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Posts Tagged ‘classical music’

(Above: They aren’t the mountain chain associated with bluegrass music, but the Rockies are still an excellent backdrop for Chris Thile and Edgar Meyer.)

By Joel Francis
The Kansas City Star

One of the perks of being a cult artist is that you can count on a good portion of your audience to follow you anywhere. Barely a month ago, Chris Thile was onstage at the Uptown Theater celebrating the reunion of Nickel Creek, the influential bluegrass trio he helped found in the ’90s.

A good portion of that night’s audience likely followed Thile across town for his Kauffman Center debut on Thursday night. Acclaimed classical bass player Edgar Meyer joined Thile onstage in Helzberg Hall.

The hall was three-quarters full for the two-hour and 15-minute performance (including a 20-minute intermission.) Although the music occasionally recalled Nickel Creek’s buoyant acoustic melodies, Thile and Meyer quickly established their own identity.

The pair play a hybrid of classical, bluegrass and folk, equally at home on the couch after dinner or dressed up at a wedding.

The delicate bowed melody of “Monkey Actually” recalled banjo player Bela Fleck’s classical work. The connotation is appropriate, since both Meyer and Thile have worked with Fleck separately. Together, the pair earned a Grammy for their work with cellist Yo-Yo Ma.

Chris_Thile_and_Edgar_MeyerMuch of the evening focused on Thile and Meyer’s new album, “Bass and Mandolin.” The pair played all but two tracks from their second collaboration. Standouts included “Friday,” which sounded like both instruments were in a race, and the gentle “I’ll Remember for You,” which found Meyer on piano and Thile on guitar. “It’s Dark in Here” could have been a lost Rodrigo y Gabriela cut.

If albums like this had singles and radio had interest in playing anything like this, the enchanting “El Cinco Real” would be on every DJ and programmer’s desk in the country. Instead it will have to settle for a life of NPR bumper music.

The material’s musical intricacies were offset by the pair’s between-song banter and jokes. One running gag was how lazy the song titles were. After fretting that the audience might not be able to keep up with the show not knowing that “Ham and Cheese” and “Fence Post in the Front Yard” had been played, Thile casually referred to two Bach arrangements as cover songs.

One song had an intentional title. Meyer’s father introduced him to the jazz bassist Ray Brown when Meyer was a child. Later, Meyer learned that Brown once recorded a cover of “Doxie,” but unwilling to pay royalties to songwriter Sonny Rollins, Brown put a new melody on top of the same chord changes and called his number “FSR.” Meyer and Thile titled their tribute to Brown “FBR.”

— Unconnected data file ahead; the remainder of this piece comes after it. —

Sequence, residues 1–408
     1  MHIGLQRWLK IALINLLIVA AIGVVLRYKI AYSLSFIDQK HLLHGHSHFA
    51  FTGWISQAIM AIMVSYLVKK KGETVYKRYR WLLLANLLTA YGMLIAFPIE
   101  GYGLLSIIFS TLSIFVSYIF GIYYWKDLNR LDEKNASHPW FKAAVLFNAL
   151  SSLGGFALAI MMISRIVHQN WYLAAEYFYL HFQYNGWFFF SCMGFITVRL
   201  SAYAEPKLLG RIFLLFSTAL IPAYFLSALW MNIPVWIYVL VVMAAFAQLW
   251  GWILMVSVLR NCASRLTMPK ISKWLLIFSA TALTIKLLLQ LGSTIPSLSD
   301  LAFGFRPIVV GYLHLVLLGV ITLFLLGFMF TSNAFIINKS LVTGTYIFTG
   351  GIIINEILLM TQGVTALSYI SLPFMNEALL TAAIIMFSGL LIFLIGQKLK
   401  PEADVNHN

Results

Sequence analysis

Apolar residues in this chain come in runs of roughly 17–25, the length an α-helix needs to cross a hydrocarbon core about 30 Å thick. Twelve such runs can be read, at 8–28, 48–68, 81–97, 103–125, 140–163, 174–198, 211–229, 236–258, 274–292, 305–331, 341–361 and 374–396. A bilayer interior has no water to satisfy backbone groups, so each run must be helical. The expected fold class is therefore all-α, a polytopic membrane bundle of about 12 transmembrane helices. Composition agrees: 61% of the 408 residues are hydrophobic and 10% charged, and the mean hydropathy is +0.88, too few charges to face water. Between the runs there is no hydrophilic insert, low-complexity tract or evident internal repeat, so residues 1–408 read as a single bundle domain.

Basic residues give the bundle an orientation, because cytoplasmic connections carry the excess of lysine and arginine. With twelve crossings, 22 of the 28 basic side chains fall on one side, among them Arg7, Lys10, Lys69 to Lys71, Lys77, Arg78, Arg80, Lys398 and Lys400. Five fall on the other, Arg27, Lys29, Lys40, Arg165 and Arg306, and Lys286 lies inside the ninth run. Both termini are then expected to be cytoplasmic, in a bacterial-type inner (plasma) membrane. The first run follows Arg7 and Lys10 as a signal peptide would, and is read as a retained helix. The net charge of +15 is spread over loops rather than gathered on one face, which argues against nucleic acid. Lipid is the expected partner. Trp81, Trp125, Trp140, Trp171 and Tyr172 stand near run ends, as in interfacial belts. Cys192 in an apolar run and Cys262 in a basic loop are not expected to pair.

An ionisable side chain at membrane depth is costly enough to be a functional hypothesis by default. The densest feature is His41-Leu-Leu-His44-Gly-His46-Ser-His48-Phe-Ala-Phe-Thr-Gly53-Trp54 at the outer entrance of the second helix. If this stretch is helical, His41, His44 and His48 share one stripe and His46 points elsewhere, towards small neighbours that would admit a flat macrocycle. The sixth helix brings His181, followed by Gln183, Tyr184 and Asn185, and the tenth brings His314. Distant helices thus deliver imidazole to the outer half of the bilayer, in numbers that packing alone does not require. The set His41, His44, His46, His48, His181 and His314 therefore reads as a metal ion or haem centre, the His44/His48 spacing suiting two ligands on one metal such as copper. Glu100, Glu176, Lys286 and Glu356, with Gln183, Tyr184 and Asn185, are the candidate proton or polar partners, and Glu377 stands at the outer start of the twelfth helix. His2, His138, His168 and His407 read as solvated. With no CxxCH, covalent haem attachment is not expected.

After an improvised number the duo said since the piece changed every night, it should have a new title as well. They took several suggestions from the audience — “Swiss Cheese,” “Hole in My Sock,” “One Numb Toe,” “Succotash” — riffing on the ideas and sharing titles from other cities. In the end, Thile and Meyer decided they liked “Snuffleupagus” best.

After announcing the upcoming intermission, Thile joked that they had been counting people during the first half of the set and would notice if anyone snuck out.

“What Chris means,” Meyer said, “is we’re glad that each and every one of you is here.”

Setlist: Why Only One?, The Farmer and the Duck, Monkey Actually, Ham and Cheese, Friday, FRB, Canon, I’ll Remember for You, Fence Post in the Front Yard. Intermission. Tuesday, Tarnation, This is the Pig, Look What I Found, El Cinco Real, Snuffleupagus, Prelude, It’s Dark in Here. Encore: BM3.
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55

By Joel Francis

From “Brand New Cadillac” to “Little Red Corvette,” no art form has had a love affair with the automobile quite like rock and roll. So while the subject matter for Andrew W.K.’s fourth album, “55 Cadillac,” is well-trod, his approach is surprising and fresh.

W.K. appeared on the scene in 2001 sporting a bloody nose on his album cover and urging hard rock fans to “Party Hard.” In the years since opened a New York night club, penned an advice column that was compiled into a book, produced an album by reggae legend Lee “Scratch” Perry, hosted a show on Cartoon Network and continued to turn out big dumb anthems like “Make Sex.” That said, few could have seen the side of Andrew W.K. he reveals on “55 Cadillac.”